Overall, Austin has a relatively high degree of soil instability, making house foundation problems fairly common. Austin and the parts of Texas that surround it are situated in an area of unique geology and geography that directly influences its demand for Austin foundation repair. Austin is the capital of the state of Texas and the county seat of Travis County. Austin has a total area of 415 square miles and a population in excess of 700,000 people which makes it the fourth largest city in Texas and the 15th largest in the United States. Because of its size, climate, and geology, Austin is one of the biggest markets for concrete slab repair and home foundation repair in Texas.
For more information about Dawson’s Austin Foundation Repair services, you can click on one of the links below.
· Request a FREE, no obligation Foundation Inspection* in Austin, Texas
· Browse the Foundation Repair Methods commonly used in Austin, Texas
· See a step-by-step walkthrough of the Foundation Repair Process
Soil Characteristics As They Affect Foundation Repair in Austin TX
The Austin, Texas area has limestone formations, bluffs, rock outcroppings, chalk and a wide variety of soils including loam, clay and gravel. Of these characteristics, the clay soils present the greatest problem to homeowners because they tend to drastically shrink and swell with changes in moisture content. The soil types change dramatically from west to east in the Austin area. In general, the western area of Austin and Travis county are situated on the edge of the Edwards Plateau and its limestone foundation.
This western area has far fewer residential foundation problems because of this limestone base. In the central part of the county, the Colorado River drainage system begins and the soil composition changes into a mixture of limestone, chalk and clay. Moving eastward, the soil composition becomes a mixture of topsoil and clay which expands and contracts depending on the moisture level of the soil. These shifts in moisture content / soil conditions present many challenges to homeowners by creating cracks in their home’s concrete slab which can only be fixed with professional foundation repair.
The United States Department of Agriculture, Natural Resources Conservation Service issued an extensive report about the soils in Travis County and the Austin area. Engineers and other technically inclined individuals may want to read the report in full. One part of particular interest, however, appears on page 98 of the report:
Shrink-swell characteristics of the soil need to be considered in designing a building foundation, particularly if piers are not used below the slab. Such clay soils as those of the Houston Black, San Saba, and Ferris series are particularly poorly suited to building sites. They swell when wet and shrink when dry. This shrinking and swelling exerts such pressure that walls and foundations crack unless they are specially reinforced, sidewalks and driveways crack, and streets and sidewalks deteriorate more quickly (plate V).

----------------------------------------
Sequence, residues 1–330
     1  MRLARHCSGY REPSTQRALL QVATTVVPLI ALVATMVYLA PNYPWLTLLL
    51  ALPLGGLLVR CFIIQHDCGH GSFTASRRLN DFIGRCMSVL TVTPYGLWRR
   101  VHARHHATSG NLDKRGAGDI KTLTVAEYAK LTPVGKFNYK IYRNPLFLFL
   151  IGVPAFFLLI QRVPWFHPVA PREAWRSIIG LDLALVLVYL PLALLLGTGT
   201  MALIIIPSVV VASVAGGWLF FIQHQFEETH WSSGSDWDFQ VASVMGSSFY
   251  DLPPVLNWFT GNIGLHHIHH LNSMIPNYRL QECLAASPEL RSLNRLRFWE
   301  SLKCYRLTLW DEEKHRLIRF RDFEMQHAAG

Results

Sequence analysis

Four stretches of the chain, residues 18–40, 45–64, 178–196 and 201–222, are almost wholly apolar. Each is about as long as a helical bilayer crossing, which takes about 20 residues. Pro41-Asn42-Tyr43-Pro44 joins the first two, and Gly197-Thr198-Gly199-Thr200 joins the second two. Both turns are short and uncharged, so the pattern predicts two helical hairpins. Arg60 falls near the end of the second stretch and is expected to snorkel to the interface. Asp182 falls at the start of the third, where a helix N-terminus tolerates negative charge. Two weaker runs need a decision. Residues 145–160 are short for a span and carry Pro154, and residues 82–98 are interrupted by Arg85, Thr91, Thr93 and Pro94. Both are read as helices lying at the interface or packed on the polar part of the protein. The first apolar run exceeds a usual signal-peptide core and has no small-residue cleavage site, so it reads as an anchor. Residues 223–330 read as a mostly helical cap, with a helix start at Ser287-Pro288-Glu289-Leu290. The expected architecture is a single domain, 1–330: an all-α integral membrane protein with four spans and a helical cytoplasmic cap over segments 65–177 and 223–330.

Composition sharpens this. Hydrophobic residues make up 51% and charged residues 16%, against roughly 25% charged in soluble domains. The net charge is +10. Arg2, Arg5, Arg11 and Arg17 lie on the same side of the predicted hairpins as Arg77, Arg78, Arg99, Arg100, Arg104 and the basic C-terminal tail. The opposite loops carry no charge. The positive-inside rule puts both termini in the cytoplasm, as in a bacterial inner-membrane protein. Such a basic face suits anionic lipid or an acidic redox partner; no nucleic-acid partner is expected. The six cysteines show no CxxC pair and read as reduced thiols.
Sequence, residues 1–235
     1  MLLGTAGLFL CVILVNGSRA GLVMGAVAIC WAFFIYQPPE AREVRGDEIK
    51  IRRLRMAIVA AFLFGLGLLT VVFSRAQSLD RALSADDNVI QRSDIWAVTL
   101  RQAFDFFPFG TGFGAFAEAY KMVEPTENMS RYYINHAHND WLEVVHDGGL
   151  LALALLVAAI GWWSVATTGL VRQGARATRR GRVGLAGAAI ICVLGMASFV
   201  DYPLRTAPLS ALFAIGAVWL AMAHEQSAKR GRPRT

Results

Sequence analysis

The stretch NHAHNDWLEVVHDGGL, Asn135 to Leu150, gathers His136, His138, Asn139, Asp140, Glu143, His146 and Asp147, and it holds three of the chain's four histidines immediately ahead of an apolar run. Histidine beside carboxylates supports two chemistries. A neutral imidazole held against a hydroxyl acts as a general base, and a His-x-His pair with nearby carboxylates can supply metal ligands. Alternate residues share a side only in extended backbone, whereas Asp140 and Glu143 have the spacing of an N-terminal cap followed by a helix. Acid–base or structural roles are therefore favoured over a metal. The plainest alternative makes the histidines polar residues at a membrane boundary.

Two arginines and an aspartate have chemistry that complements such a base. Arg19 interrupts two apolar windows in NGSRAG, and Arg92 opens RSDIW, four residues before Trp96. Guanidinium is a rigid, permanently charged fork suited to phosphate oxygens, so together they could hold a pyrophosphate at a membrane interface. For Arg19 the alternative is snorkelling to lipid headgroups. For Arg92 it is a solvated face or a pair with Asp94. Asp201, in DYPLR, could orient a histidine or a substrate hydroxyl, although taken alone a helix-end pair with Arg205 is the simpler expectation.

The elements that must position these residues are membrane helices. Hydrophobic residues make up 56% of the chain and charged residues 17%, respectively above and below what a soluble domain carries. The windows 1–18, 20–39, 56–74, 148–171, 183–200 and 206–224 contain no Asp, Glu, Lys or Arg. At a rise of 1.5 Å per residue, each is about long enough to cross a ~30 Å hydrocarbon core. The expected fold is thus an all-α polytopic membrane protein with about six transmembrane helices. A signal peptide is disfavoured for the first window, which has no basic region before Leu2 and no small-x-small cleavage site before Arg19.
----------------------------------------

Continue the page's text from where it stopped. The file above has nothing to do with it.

The characteristics of Texas soil present Austin homeowners with challenges in maintaining and preventing damage to their home’s concrete slab foundation. The underlying conditions frequently necessitate foundation repair in Austin. For more information about how geological conditions can affect a home’s foundation, you can read a report written by engineer and PhD recipient Tom Witherspoon about the technical issues associated with Texas soils and how they affect your foundation repair choices.
Climate Influences on Home Foundation Repair in Austin Texas
Contributing to the need for house and home foundation repair in the Austin, Texas area is its location at the intersection of four major ecological regions. Its diversity of climate is considered “temperate-to-hot” or “humid subtropical” but the climate can vary significantly. At different times the climate can appear to be hot and dry (desert), tropical, or very wet (rain). This diversity of climates gives rise to diverse ecological and biological aspects of the area. There are many unique animals and plants found in the Austin, Texas area. In general, the area is characterized by hot summers and mild winters.
Austin receives an average of 33.6 inches (853.4 mm) of rain per year. A majority of the rain arrives in the spring and to a lesser extent, the fall. The area does receive severe thunderstorms on occasion during the spring months. The average summer high temperature is 94°F (34°C). However, temperatures above 100°F (38°C) are common. The highest recorded temperature was 112 °F (44 °C) in September 2000. Winters are mild and dry and Austin averages 88 days per year with a high temperature below 45 °F (7 °C).
If you would like to take a detailed look at the soil in your neighborhood, consider looking at the United States Department of Agriculture’s Soil Survey Tool. It will give you an in-depth look at exactly what type of soil your home sits on and the characteristics one can expect from soils of that type.
For your convenience, you may utilize a tutorial on how to use the Soil Survey Tool that we have compiled.
* (free for homes not involved in real estate transactions)